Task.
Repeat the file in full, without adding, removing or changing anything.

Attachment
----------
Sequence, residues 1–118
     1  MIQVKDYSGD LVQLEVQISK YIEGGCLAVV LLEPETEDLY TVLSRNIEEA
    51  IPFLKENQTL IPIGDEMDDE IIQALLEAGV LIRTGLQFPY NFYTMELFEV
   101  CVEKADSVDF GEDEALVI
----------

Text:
Sequence, residues 1–118
     1  MIQVKDYSGD LVQLEVQISK YIEGGCLAVV LLEPETEDLY TVLSRNIEEA
    51  IPFLKENQTL IPIGDEMDDE IIQALLEAGV LIRTGLQFPY NFYTMELFEV
   101  CVEKADSVDF GEDEALVI